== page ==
How long does it take mulch to decompose into soil?

A common question on mulch and wood chips is how long does it take mulch to decompose into soil?

Decomposing Mulch

Mulch slowly decomposing in a garden

The answer isn’t straight forward. It depends on climate, conditions, and the type of mulch. If the mulch has been treated then it will take longer to decompose than untreated mulch (the kind you get from your local tree arborist).

Why would you want to know how long it takes for mulch to decompose? Wood chip, bark mulch, and leaves consume nitrogen from the soil when it starts decomposing. It sucks out the nitrogen in order to facilitate the decomposition. What is actually happening is that the micro-organisms that decompose wood chips require nitrogen in amounts greater than are available in the wood chips alone and thus source it from the soil. This is why bark mulch and wood chip is so highly effective in keeping weeds down. However, if it takes too much nitrogen from the soil it will stunt the growth of the vegetation it surrounds. The good news is that as the wood chips and mulch materials decompose the nitrogen returns to the soil in addition to providing many other essential nutrients for your plants to grow.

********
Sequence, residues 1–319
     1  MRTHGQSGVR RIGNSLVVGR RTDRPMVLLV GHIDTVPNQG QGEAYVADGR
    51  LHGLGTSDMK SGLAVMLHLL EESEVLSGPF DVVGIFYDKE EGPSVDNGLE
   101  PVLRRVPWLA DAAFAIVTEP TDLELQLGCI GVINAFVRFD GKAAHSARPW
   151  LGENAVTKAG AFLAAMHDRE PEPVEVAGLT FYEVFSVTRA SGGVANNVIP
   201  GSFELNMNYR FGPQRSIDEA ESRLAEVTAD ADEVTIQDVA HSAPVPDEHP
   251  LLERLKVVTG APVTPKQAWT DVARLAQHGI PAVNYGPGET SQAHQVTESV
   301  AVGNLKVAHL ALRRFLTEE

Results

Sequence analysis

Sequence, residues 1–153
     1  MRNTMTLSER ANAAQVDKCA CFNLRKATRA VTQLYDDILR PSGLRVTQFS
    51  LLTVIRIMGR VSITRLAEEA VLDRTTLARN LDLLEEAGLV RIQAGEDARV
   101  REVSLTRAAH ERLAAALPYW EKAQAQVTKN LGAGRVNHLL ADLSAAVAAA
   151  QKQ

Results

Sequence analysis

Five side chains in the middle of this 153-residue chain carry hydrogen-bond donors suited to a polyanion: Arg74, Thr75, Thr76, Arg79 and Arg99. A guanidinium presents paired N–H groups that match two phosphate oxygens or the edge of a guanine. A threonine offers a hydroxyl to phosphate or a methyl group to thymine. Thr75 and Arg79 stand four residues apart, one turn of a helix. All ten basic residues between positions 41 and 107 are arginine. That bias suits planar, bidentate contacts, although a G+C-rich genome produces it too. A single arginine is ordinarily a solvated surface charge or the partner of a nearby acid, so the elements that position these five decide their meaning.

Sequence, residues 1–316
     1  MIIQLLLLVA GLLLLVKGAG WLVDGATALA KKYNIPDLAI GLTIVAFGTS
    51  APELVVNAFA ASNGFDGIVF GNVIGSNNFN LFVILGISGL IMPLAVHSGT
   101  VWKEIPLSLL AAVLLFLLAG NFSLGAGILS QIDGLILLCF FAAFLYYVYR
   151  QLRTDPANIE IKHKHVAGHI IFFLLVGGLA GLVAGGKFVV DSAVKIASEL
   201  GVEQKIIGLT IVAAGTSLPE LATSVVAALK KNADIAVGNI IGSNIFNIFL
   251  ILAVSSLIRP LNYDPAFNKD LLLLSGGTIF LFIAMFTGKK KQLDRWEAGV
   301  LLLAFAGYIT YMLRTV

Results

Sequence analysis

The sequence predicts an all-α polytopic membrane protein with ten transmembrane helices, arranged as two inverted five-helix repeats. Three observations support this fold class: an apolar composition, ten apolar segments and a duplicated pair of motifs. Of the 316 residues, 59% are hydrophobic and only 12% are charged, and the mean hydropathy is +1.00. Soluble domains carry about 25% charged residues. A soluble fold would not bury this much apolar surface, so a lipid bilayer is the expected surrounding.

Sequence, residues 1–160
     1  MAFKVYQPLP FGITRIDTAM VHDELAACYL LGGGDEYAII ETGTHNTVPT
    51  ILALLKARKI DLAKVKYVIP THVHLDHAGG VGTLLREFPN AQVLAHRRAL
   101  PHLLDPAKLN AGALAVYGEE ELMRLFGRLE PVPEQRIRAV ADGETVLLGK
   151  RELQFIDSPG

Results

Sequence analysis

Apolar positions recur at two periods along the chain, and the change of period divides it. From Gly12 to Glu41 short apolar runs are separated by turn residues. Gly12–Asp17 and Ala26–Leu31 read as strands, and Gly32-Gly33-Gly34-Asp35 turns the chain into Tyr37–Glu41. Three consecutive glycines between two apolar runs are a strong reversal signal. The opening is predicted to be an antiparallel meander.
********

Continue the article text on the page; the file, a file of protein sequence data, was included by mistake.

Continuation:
The best gardening practice is to add nitrogen or ammonium sulphate to the soil to help the vegetation grow and speed up the decomposition of the mulch. This will prevent the nitrogen being removed from the soil and in fact provide enrichment of it. You should always refer to the product being used as to the quantity and distribution of it, as different concentrations will require different applications. If you over apply nitrogen or ammonium to your garden you can poison your plants.

A simple answer to the question is: untreated arbor mulch will take around 1 year in typical Sydney weather to start breaking down. Within 3 years it will be fully broken down and providing excellent nutrients to the soil. Treated woodchips will take longer, around 4 years to fully break down, with the start of decomposition occurring around 2 years after the mulch has been laid. The factors that directly influence the decomposition of mulch and wood chips are;

  • moisture of the soil (moisture promotes decomposition)
  • warmth of the soil (warmth promotes decomposition)
  • if the mulch has been treated (treated mulch slows decomposition)
  • any additives to the mulch (nitrogen supplements and ammonium sulphate speed up decomposition)

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